While Gonzales thinks it has been an important step in giving young undocumented immigrants temporary relief and the opportunity to normalize into the society, he says DACA doesn't do enough to help them to call themselves "full Americans" and to contribute fully to our economy.
"Most important," he says, "DACA does not do enough to ally their fears against deportation, against the possibility that they or their loved ones can at any moment be picked up and deported." DACA requires renewal every two years, and the program is being challenged in the courts by several Republican states.
Gonzales concludes with a somewhat pessimistic outlook on the debates over immigration. "This book is for folks in this country who sit in the middle of this debate, who don't have a dog in this fight, but I think are receptive to reason."
However, the ideological gap between the Republicans and Democrats make it difficult to move forward. "The majority of Americans want a solution to immigration that offers immigrants a pathway to legality, to move these young people through some sort of pathway, whether it is the Dream Act or DACA or something else." But then Gonzales recognizes the recent rise of Donald Trump and the difficulties it presents in the debate.
"I believe in the potential for these young people to refuse being defined by their status and to lead normal lives, but I also believe strongly that living in the United States today with undocumented status stunts people." Gonzales continues, "My book is not about the innocence of children, of meritocracy, of high achievers brought here through no fault of their own, but I think through ethnography what I shine a light on is the effects of growing up in this country under some form of the American Dream seeing yourself with levels of education that surpasses your parents, but living in the same kind of narrowly circumscribed life as their parents."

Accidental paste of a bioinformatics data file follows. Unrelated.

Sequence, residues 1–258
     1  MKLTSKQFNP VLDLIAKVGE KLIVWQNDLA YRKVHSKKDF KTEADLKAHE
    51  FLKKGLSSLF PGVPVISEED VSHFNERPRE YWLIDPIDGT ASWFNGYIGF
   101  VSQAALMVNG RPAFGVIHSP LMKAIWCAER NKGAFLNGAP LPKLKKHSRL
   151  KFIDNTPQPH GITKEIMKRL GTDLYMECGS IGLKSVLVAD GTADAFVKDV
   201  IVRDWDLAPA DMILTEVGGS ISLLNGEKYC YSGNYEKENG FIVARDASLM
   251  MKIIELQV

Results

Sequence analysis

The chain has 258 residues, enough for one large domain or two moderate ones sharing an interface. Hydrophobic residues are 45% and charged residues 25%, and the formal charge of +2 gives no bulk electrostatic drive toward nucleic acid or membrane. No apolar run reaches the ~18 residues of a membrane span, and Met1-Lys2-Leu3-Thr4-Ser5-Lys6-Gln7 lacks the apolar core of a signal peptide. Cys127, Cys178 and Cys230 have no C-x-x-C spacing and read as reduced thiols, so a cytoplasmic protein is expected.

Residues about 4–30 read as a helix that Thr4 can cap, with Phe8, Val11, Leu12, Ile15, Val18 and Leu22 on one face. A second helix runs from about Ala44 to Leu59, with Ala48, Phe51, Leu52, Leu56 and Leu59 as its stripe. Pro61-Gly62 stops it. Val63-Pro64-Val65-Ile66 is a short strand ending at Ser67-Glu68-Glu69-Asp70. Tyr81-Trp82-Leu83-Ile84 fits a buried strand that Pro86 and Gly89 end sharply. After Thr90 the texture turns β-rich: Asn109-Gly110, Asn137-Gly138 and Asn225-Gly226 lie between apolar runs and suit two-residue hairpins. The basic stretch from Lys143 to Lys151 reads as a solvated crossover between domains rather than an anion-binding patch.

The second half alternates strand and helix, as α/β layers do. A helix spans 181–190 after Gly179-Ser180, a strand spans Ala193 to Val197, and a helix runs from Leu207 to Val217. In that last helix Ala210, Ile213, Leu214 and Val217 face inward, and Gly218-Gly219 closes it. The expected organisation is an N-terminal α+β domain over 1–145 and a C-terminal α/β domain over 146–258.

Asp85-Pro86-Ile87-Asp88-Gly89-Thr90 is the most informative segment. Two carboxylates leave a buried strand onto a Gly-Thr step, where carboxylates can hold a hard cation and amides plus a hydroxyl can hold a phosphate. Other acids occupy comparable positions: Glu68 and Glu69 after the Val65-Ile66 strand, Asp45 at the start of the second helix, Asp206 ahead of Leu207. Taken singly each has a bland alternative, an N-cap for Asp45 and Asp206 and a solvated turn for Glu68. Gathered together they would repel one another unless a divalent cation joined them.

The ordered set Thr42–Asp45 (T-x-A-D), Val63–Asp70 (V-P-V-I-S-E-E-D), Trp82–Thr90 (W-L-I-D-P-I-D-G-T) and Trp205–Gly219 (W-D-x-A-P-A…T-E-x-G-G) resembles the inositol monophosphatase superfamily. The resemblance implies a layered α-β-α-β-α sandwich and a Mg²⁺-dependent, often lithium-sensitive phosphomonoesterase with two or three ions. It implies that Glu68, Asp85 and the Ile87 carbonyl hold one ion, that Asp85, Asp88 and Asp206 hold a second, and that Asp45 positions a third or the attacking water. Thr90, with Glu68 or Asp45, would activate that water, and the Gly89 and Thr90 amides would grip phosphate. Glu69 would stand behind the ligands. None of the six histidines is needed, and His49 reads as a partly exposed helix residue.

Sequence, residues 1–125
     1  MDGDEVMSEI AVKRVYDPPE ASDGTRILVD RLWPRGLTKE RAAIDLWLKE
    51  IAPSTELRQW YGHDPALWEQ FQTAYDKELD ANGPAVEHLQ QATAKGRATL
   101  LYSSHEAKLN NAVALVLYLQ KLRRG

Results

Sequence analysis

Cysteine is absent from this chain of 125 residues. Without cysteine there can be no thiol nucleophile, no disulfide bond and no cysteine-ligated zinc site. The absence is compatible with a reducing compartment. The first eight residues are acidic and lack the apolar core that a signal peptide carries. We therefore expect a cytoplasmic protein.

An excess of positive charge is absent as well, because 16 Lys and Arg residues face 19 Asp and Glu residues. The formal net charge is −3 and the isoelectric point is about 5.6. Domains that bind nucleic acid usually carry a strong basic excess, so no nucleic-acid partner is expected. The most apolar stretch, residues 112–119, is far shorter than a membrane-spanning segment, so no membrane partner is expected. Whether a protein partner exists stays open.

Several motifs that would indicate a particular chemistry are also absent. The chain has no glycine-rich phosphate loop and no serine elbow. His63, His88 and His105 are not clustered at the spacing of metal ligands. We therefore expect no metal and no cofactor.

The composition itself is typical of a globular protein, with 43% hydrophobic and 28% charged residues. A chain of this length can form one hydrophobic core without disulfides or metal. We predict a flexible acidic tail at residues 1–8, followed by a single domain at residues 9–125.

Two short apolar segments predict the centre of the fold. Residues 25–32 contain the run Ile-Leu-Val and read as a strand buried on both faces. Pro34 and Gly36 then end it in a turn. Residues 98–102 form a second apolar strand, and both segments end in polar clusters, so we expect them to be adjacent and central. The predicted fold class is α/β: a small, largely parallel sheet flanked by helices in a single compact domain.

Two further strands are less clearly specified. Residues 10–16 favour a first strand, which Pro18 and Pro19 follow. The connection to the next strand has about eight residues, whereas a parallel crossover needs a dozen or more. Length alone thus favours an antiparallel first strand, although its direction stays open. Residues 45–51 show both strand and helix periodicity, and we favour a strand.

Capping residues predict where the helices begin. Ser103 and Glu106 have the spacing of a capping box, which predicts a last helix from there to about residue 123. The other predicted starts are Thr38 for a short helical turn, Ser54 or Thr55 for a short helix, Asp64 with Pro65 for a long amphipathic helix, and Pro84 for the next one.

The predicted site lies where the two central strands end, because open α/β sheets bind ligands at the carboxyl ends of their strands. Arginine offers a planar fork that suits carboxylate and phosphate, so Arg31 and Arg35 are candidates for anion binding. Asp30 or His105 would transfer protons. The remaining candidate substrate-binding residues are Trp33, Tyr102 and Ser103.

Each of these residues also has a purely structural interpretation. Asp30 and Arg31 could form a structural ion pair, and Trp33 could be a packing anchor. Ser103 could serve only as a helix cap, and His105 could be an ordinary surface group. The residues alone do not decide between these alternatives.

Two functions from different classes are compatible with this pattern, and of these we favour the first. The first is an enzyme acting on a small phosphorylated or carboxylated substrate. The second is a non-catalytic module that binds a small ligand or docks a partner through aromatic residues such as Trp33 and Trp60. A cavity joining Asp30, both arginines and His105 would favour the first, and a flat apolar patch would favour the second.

Perhaps wary after decades of disappointment, and 15 years after the initial Dream Act, which seeks to reward those undocumented students who were lucky enough to get into college, Gonzales says, "many of these once gifted students now bare callouses on their hands, are certainly not as idealistic as they once were, and many have blended back into the undocumented population, indistinguishable from today's undocumented workers."